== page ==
Measuring and managing risks is transitioning from an intuitive art to a craft and science. To introduce quantification to this area that involves qualitative reasoning and subjectivity, at some stage each identified risk requires some form of ranking, such as by level of importance – high, medium and low. Since the importance of a risk event includes not just its impact but also its probability of occurrence, developing a risk map can be a superior method to quantify the risks and then collectively associate and rationalize them with a reasoned level of spending for risk mitigation. A risk map helps an organization visualize all risks on a single page.
Exhibit 1 displays a risk map with the vertical axis reflecting the magnitude of impact of the risk event and the horizontal axis reflecting the probability of its occurrence. Individual risk events located in the map are inherent risks and not yet selected for mitigation actions; that evaluation comes next. The risks located in the lower left area require periodic glances to monitor if the risk is growing; for these there is nominal to no risk mitigation spending. At the other extreme, risk events in the upper right area deserve risk mitigation spending with frequent monitoring.
The risks in the risk map are evaluated for mitigation action. What this risk map reveals is that risks number 2, 3, and 8 are in a critical zone. The size of the circle represents the level of risk mitigation spending. Management must decide if it can accept these three risks considering their potential impact and likelihood. If not, management might choose to avoid whatever is creating the risk. Some mitigation action might be considered that would drive the risks to a more acceptable level in terms of impact and likelihood. As examples, an action might result in transferring some of the risk through a joint venture; or it might involve incurring additional expense through hedging.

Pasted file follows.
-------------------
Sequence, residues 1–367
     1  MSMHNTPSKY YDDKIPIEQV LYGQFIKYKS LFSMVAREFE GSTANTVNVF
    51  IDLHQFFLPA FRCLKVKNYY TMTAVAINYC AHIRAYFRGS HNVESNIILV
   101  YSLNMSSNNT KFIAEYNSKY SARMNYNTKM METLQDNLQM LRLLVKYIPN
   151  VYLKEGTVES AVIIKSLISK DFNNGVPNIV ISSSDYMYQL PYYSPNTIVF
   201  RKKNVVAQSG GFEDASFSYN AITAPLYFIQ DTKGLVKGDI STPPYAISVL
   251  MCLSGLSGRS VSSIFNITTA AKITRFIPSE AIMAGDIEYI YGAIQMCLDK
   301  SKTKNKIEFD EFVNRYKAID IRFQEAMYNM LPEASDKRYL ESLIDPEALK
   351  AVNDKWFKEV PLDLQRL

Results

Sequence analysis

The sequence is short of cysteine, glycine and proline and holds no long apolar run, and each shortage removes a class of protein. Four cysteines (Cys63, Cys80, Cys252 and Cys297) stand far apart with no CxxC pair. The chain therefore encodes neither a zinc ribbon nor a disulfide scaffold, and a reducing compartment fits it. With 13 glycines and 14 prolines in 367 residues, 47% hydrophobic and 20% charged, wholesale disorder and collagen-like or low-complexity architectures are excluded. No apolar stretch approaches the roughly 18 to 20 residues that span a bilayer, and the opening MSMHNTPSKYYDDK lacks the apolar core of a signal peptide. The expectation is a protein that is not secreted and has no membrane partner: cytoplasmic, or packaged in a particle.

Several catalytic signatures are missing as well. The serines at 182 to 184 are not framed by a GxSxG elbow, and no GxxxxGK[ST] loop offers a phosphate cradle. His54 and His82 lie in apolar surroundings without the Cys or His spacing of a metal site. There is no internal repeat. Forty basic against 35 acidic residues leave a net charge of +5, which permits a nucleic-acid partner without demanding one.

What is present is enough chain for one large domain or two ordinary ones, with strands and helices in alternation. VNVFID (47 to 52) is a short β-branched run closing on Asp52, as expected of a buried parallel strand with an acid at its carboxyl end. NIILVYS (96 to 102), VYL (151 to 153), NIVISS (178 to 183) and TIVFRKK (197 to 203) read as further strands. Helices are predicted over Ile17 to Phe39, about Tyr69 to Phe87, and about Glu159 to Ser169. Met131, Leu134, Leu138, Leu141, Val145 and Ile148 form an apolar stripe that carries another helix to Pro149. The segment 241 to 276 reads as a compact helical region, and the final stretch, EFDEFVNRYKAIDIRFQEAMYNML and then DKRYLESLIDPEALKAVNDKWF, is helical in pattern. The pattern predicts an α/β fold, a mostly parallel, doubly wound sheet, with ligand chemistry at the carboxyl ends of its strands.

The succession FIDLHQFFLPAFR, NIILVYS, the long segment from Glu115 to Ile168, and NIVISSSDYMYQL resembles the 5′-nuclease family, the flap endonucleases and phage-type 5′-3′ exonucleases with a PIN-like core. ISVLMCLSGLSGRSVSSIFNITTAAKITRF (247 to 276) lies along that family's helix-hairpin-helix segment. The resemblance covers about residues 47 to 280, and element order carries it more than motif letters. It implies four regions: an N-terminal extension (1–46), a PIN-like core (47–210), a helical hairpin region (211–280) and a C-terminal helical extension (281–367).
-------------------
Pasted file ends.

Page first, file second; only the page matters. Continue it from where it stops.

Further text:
Management must decide on the cost versus benefits of the mitigation actions. Will the mitigation action, if pursued, move a risk event within the pre-defined risk appetite guidelines? Is the residual risk remaining after mitigation action acceptable? If not, what additional action can be taken? How much will the additional action cost, and what will be the potential benefits in terms of reducing impact and likelihood? After these decisions are made, then similar to the strategic projects and initiatives derived from an organization’s strategy map to derive its balanced scorecard metrics, risk mitigation actions can also be budgeted.
In this post, I have used the term “management” repeatedly to describe the person or persons who will/should decide the direction that risk will take. There is an ongoing debate today as to whether boards should take a more active role in risk management strategy, especially risk appetite. In your organization, what expectation is there for the board to set risk appetite strategy?